If you're like me, you have hundreds of photographs sitting in envelopes. Pictures from birthday parties, weddings, family gatherings, anniversaries, the Fourth of July, Thanksgiving and Christmas. You have already put the best snapshots into albums and these are leftovers. You don't want to throw them away, but you also don't know what to do with them.
Instead of letting your snapshots take up space and contribute to the clutter in your home, use them to make collages (at a cost of less than $10 each) that you can give as Christmas gifts to family and friends. Here's how:
- Assess your collection of pictures. Do you have several dozen of your spouse or significant other? Your parents? Your children? Grandparents? A friend? A beloved pet? Decide which person would like to receive these pictures and divide them into groups accordingly.
- Buy a picture frame with glass (either 5x7 or 8x10) for each collage you are going to make. Department stores sometimes have sales on picture frames, and you can often purchase a suitable frame for $5 or less.
- Cut a sheet of paper (use cardstock, 24# paper or light cardboard) to match the size of the opening on the picture frame.
- Cut out the background of the pictures, leaving just the people (or pets). Cut out enough pictures to cover the sheet of paper.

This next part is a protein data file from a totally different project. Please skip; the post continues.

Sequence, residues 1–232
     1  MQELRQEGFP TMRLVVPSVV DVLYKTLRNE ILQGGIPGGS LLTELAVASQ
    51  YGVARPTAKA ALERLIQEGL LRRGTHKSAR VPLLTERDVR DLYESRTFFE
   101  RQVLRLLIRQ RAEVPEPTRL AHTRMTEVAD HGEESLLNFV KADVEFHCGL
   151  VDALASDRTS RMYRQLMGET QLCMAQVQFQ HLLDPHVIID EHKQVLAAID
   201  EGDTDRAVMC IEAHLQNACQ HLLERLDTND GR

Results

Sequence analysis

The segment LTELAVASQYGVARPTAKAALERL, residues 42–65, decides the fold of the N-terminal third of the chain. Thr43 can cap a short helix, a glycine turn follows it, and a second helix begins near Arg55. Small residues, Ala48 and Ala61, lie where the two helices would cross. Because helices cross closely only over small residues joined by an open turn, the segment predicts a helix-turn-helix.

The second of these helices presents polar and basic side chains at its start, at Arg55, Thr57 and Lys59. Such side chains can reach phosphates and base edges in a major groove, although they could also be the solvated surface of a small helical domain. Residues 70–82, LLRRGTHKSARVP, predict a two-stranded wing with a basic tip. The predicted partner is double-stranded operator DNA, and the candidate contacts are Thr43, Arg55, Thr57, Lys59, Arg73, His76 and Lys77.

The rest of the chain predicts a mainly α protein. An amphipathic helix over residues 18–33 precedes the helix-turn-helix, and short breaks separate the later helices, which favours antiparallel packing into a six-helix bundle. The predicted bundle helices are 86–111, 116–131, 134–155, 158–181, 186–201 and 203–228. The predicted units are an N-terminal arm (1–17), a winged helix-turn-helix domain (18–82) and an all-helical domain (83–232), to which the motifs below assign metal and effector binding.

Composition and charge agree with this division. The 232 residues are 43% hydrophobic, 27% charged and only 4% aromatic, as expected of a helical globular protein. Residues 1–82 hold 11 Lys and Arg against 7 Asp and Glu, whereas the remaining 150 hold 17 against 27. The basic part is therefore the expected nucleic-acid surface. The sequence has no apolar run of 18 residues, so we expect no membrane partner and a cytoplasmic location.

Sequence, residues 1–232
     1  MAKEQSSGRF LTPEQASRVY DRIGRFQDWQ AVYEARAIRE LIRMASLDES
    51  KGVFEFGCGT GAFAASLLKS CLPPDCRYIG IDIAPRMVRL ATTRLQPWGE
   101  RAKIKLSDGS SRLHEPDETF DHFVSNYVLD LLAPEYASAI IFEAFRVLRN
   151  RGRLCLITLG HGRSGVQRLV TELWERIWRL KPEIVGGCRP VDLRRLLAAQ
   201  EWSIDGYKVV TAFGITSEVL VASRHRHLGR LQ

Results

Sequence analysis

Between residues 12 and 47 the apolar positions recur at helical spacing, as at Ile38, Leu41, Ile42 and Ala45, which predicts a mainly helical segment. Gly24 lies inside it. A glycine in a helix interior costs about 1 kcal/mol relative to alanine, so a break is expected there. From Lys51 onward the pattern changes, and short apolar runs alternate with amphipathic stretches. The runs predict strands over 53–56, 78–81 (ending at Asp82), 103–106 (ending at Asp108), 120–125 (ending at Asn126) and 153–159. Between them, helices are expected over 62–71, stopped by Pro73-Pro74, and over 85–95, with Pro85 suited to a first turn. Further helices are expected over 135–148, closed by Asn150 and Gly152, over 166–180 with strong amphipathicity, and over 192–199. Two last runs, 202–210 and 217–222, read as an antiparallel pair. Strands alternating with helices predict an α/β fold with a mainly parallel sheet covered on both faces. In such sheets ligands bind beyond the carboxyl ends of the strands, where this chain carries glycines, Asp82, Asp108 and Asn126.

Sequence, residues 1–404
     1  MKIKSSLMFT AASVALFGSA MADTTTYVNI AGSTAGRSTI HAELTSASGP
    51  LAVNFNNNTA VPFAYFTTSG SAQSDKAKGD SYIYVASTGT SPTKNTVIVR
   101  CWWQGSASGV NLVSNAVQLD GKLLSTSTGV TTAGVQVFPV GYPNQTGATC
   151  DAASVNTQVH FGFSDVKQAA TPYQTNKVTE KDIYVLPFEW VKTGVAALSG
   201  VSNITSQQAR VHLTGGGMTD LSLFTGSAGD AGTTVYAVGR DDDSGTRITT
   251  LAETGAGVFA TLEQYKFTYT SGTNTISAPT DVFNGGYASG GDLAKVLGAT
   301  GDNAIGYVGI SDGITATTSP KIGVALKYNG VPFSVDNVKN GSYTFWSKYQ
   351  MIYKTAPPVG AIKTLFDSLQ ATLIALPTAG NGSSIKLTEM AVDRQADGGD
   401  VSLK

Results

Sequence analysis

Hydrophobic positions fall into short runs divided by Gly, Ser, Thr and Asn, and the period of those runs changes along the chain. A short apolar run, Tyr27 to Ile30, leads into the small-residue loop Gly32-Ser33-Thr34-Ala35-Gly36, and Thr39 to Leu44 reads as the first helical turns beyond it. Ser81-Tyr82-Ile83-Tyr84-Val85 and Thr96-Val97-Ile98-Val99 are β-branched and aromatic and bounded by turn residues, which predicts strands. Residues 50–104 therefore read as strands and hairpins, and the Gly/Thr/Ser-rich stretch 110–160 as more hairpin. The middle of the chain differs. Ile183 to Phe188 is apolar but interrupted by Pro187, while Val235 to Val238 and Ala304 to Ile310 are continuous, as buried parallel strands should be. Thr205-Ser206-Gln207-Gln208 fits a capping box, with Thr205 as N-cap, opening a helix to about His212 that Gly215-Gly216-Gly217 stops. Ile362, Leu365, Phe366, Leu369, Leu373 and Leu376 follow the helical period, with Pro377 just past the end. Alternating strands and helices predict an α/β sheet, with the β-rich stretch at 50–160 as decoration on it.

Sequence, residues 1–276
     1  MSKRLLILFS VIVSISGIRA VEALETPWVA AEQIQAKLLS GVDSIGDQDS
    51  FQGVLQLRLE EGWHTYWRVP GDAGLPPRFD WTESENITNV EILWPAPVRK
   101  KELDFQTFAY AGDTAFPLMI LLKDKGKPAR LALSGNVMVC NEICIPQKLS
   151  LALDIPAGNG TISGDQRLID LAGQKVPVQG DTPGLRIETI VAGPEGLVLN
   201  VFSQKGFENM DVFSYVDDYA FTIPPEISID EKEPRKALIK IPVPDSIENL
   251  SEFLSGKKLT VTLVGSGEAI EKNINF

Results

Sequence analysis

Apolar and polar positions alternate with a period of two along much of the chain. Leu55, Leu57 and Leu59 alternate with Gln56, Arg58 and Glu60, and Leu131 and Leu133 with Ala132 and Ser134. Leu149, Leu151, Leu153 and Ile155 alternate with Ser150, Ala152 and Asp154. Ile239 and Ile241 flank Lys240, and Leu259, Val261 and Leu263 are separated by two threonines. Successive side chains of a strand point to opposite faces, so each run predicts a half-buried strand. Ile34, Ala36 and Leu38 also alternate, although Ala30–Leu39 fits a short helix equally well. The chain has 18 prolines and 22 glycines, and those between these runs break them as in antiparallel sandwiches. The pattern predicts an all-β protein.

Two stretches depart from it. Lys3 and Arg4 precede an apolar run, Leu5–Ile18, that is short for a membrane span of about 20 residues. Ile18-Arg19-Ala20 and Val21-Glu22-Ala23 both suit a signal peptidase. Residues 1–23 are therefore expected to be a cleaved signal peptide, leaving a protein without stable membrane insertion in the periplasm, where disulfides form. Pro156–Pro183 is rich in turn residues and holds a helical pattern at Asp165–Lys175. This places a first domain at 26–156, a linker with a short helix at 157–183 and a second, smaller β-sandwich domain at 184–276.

- Arrange the cut-out pictures on the paper. Mix and match and experiment. Try placing the pictures at different angles.
- After you have an idea of how you would like to arrange the pictures, glue them to the paper. (Check the label to make sure that you can use the glue with photographs.) Cover the entire sheet of paper with pictures.
- When the glue is dry, insert the paper into the frame.
Collages are not only a good way to use your old snapshots, but the recipients also will cherish them for years to come as a special and thoughtful gift.
© 2003 LeAnn R. Ralph
LeAnn R. Ralph is a freelance writer in Wisconsin, is the editor of the Wisconsin Regional Writer (the quarterly publication of the Wisconsin Regional Writers' Assoc.) and is the author of the book: Christmas In Dairyland (True Stories From a Wisconsin Farm) (August 2003; trade paperback) http://ruralroute2.com
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